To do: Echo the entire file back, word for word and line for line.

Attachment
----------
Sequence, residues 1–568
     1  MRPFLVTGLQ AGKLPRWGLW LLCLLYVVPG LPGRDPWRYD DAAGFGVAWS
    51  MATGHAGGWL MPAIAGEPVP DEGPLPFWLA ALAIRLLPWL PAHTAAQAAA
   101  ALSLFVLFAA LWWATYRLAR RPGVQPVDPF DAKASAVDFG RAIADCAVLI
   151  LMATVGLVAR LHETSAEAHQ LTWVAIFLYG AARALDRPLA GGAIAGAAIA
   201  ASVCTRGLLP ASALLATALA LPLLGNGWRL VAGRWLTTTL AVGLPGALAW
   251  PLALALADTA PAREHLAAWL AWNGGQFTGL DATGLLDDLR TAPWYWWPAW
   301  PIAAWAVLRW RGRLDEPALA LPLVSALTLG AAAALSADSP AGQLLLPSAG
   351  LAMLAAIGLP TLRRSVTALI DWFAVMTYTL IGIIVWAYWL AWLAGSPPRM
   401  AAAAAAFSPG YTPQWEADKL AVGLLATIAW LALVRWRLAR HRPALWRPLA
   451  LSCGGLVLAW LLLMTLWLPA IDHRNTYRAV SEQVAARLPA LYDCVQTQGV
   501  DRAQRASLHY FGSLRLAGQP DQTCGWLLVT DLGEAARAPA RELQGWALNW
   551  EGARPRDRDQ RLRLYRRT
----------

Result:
Sequence, residues 1–568
     1  MRPFLVTGLQ AGKLPRWGLW LLCLLYVVPG LPGRDPWRYD DAAGFGVAWS
    51  MATGHAGGWL MPAIAGEPVP DEGPLPFWLA ALAIRLLPWL PAHTAAQAAA
   101  ALSLFVLFAA LWWATYRLAR RPGVQPVDPF DAKASAVDFG RAIADCAVLI
   151  LMATVGLVAR LHETSAEAHQ LTWVAIFLYG AARALDRPLA GGAIAGAAIA
   201  ASVCTRGLLP ASALLATALA LPLLGNGWRL VAGRWLTTTL AVGLPGALAW
   251  PLALALADTA PAREHLAAWL AWNGGQFTGL DATGLLDDLR TAPWYWWPAW
   301  PIAAWAVLRW RGRLDEPALA LPLVSALTLG AAAALSADSP AGQLLLPSAG
   351  LAMLAAIGLP TLRRSVTALI DWFAVMTYTL IGIIVWAYWL AWLAGSPPRM
   401  AAAAAAFSPG YTPQWEADKL AVGLLATIAW LALVRWRLAR HRPALWRPLA
   451  LSCGGLVLAW LLLMTLWLPA IDHRNTYRAV SEQVAARLPA LYDCVQTQGV
   501  DRAQRASLHY FGSLRLAGQP DQTCGWLLVT DLGEAARAPA RELQGWALNW
   551  EGARPRDRDQ RLRLYRRT